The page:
PubDate: 2016-01-27T17:12:52Z
      DOI: 10.12688/f1000research.7509.1
      Issue No: Vol. 5 (2016)
  • Recent advances in understanding Type 1 Diabetes [version 1; referees: 2

    • Authors: Gustaf Christoffersson, Teresa Rodriguez-Calvo, Matthias von Herrath
      Abstract: Type 1 diabetes is a multifactorial disease in which genetic and environmental factors play a key role. The triggering event is still obscure, and so are many of the immune events that follow. In this brief review, we discuss the possible role of potential environmental factors and which triggers are believed to have a role in the disease. In addition, as the disease evolves, beta cells are lost and this occurs in a very heterogeneous fashion. Our knowledge of how beta cell mass declines and our view of the disease’s pathogenesis are also debated. We highlight the major hallmarks of disease, among which are MHC-I (major histocompatibility complex class I) expression and insulitis. The dependence versus independence of antigen for the immune infiltrate is also discussed, as both the influence from bystander T cells and the formation of neo-epitopes through post-translational modifications are thought to influence the course of the disease. As human studies are proliferating, our understanding of the disease’s pathogenesis will increase exponentially. This article aims to shed light on some of the burning questions in type 1 diabetes research.
      PubDate: 2016-01-27T14:37:31Z
      DOI: 10.12688/f1000research.7356.1
      Issue No: Vol. 5 (2016)
  • Recent Understandings of Pet Allergies [version 1; referees: 2 approved]

    • Authors: Dennis Ownby, Christine Cole Johnson
      Abstract: Allergic reactions to pets have been recognized for at least a hundred years. Yet our understanding of the effects of all of the interactions between pet exposures and human immune responses continues to grow. Allergists, epidemiologists, and immunologists have spent years trying to better understand how exposures to pet allergens lead to allergic sensitization (the production of allergen-specific immunoglobulin class E [IgE] antibodies) and subsequent allergic disease. A major new development in this understanding is the recognition that pet exposures consist of not only allergen exposures but also changes in microbial exposures. Exposures to certain pet-associated microbes, especially in the neonatal period, appear to be able to dramatically alter how a child’s immune system develops and this in turn reduces the risk of allergic sensitization and disease. An exciting challenge in the next few years will be to see whether these changes can be developed into a realistic preventative strategy with the expectation of significantly reducing allergic disease, especially asthma.
      PubDate: 2016-01-27T10:46:53Z
      DOI: 10.12688/f1000research.7044.1
      Issue No: Vol. 5 (2016)
  • Sequence co-evolutionary information is a natural partner to
           minimally-frustrated models of biomolecular dynamics [version 1; referees:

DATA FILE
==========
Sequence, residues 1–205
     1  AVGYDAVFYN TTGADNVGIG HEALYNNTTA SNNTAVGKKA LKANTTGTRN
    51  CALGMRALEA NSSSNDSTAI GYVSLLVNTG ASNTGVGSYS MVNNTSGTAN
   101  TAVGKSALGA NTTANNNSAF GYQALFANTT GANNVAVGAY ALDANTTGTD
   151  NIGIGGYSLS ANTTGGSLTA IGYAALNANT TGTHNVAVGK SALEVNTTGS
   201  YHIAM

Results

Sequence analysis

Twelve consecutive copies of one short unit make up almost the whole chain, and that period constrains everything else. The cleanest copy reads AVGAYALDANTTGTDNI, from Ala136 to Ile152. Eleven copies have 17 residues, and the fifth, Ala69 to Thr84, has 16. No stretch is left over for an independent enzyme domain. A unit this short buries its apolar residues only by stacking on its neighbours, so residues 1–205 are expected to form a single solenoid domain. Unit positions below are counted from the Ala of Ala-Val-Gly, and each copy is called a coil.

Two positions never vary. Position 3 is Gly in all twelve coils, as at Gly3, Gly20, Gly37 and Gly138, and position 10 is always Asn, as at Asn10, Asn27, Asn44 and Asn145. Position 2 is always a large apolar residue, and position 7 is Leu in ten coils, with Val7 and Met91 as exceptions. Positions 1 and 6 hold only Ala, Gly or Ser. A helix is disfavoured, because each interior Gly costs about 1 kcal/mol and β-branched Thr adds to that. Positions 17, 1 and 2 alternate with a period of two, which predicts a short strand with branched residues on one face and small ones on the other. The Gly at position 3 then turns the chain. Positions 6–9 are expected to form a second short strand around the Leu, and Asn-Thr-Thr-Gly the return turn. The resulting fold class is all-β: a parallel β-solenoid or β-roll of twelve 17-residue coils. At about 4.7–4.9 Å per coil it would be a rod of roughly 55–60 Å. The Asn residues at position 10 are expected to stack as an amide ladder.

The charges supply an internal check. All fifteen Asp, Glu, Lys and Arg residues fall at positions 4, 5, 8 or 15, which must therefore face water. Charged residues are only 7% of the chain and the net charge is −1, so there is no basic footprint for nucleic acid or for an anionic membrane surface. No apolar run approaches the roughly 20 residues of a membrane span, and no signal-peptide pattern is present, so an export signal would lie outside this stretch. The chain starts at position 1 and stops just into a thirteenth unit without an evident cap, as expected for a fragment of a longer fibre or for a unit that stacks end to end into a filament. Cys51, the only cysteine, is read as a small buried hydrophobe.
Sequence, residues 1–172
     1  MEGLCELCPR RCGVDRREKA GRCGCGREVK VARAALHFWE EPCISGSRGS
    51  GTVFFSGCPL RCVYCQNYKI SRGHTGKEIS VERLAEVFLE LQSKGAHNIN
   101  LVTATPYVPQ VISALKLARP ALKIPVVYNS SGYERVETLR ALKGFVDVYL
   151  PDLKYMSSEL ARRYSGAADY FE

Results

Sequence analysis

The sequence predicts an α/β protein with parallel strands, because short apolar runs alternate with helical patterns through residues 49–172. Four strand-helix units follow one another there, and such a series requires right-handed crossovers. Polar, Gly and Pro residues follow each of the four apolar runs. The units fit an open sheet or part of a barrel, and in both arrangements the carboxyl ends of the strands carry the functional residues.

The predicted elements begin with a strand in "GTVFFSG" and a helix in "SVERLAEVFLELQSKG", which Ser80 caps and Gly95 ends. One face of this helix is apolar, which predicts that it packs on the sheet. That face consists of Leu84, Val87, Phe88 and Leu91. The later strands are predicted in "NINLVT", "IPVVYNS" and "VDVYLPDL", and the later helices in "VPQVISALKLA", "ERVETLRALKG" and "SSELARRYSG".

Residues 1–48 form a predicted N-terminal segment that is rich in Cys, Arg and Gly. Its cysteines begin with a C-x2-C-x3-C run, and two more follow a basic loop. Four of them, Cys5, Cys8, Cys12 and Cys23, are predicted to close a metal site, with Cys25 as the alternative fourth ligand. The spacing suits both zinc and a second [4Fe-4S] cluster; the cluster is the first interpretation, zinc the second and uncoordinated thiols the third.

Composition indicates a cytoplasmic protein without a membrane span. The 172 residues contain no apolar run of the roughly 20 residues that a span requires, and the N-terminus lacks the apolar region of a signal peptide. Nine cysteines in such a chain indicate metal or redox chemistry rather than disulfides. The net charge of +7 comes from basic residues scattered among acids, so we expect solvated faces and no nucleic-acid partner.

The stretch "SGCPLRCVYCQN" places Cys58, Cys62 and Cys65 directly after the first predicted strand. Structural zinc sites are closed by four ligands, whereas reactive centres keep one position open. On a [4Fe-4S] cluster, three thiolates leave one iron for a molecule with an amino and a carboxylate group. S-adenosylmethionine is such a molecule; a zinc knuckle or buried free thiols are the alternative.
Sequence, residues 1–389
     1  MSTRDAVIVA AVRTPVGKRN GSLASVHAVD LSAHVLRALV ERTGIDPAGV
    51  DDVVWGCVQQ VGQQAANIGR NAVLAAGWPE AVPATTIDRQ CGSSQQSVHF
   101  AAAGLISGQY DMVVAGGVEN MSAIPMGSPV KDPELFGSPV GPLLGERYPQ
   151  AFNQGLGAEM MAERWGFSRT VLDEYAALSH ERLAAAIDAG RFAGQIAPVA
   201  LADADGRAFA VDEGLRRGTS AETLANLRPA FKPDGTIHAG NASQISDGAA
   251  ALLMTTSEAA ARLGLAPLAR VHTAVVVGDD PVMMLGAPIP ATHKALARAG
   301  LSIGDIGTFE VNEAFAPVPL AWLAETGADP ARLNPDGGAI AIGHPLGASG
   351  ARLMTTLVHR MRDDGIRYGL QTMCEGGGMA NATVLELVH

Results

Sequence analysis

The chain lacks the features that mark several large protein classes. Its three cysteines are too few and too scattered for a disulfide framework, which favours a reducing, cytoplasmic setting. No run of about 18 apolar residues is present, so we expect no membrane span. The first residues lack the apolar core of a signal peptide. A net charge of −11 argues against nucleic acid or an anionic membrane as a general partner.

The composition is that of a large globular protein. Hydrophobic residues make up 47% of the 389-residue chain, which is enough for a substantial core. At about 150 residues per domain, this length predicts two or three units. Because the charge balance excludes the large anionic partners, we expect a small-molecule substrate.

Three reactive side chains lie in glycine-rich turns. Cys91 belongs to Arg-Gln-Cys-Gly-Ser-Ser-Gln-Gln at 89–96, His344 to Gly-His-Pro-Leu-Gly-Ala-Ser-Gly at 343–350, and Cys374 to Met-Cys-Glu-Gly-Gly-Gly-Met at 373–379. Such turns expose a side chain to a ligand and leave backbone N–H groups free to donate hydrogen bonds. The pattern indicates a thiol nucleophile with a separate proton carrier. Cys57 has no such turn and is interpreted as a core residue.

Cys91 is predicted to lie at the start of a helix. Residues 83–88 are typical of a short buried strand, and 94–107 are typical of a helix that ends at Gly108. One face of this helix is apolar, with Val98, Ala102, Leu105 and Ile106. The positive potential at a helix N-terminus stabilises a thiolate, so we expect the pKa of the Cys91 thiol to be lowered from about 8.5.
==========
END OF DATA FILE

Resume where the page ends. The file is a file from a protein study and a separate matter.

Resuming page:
3 approved]

    • Authors: Jeffrey K Noel, Faruck Morcos, Jose N Onuchic
      Abstract: Experimentally derived structural constraints have been crucial to the implementation of computational models of biomolecular dynamics. For example, not only does crystallography provide essential starting points for molecular simulations but also high-resolution structures permit for parameterization of simplified models. Since the energy landscapes for proteins and other biomolecules have been shown to be minimally frustrated and therefore funneled, these structure-based models have played a major role in understanding the mechanisms governing folding and many functions of these systems. Structural information, however, may be limited in many interesting cases. Recently, the statistical analysis of residue co-evolution in families of protein sequences has provided a complementary method of discovering residue-residue contact interactions involved in functional configurations. These functional configurations are often transient and difficult to capture experimentally. Thus, co-evolutionary information can be merged with that available for experimentally characterized low free-energy structures, in order to more fully capture the true underlying biomolecular energy landscape.
      PubDate: 2016-01-26T16:33:42Z
      DOI: 10.12688/f1000research.7186.1
      Issue No: Vol. 5 (2016)
  • West Nile Virus Infection in the Central Nervous System [version 1;
           referees: 3 approved]

    • Authors: Evandro R. Winkelmann, Huanle Luo, Tian Wang
      Abstract: West Nile virus (WNV), a neurotropic single-stranded flavivirus has been the leading cause of arboviral encephalitis worldwide.  Up to 50% of WNV convalescent patients in the United States were reported to have long-term neurological sequelae.  Neither antiviral drugs nor vaccines are available for humans.  Animal models have been used to investigate WNV pathogenesis and host immune response in humans.  In this review, we will discuss recent findings from studies in animal models of WNV infection, and provide new insights on WNV pathogenesis and WNV-induced host immunity in the central nervous system.
      PubDate: 2016-01-26T16:05:43Z
      DOI: 10.12688/f1000research.7404.1
      Issue No: Vol. 5 (2016)
  • An update around the evidence base for the lower extremity ultrasound
           regional block technique [version 1; referees: 2 approved]

    • Authors: Andrea Fanelli, Daniela Ghisi, Rita Maria Melotti
      Abstract: Ultrasound guidance currently represents the gold standard for regional anesthesia. In particular for lower extremity blocks, despite the heterogeneity and the lack of large randomized controlled trials, current literature shows a modest improvement in block onset and quality compared with other localization techniques. This review aims to present the most recent findings on the application of ultrasound guidance for each single lower extremity approach.